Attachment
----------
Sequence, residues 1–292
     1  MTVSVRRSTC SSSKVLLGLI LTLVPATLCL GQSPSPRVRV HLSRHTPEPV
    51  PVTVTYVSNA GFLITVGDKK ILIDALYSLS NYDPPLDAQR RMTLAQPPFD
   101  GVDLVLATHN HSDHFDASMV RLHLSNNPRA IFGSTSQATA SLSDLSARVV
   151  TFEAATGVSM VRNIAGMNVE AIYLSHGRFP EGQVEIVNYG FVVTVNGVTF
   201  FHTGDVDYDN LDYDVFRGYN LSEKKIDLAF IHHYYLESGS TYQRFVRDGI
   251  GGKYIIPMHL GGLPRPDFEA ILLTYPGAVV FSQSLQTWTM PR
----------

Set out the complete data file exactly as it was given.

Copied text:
Sequence, residues 1–292
     1  MTVSVRRSTC SSSKVLLGLI LTLVPATLCL GQSPSPRVRV HLSRHTPEPV
    51  PVTVTYVSNA GFLITVGDKK ILIDALYSLS NYDPPLDAQR RMTLAQPPFD
   101  GVDLVLATHN HSDHFDASMV RLHLSNNPRA IFGSTSQATA SLSDLSARVV
   151  TFEAATGVSM VRNIAGMNVE AIYLSHGRFP EGQVEIVNYG FVVTVNGVTF
   201  FHTGDVDYDN LDYDVFRGYN LSEKKIDLAF IHHYYLESGS TYQRFVRDGI
   251  GGKYIIPMHL GGLPRPDFEA ILLTYPGAVV FSQSLQTWTM PR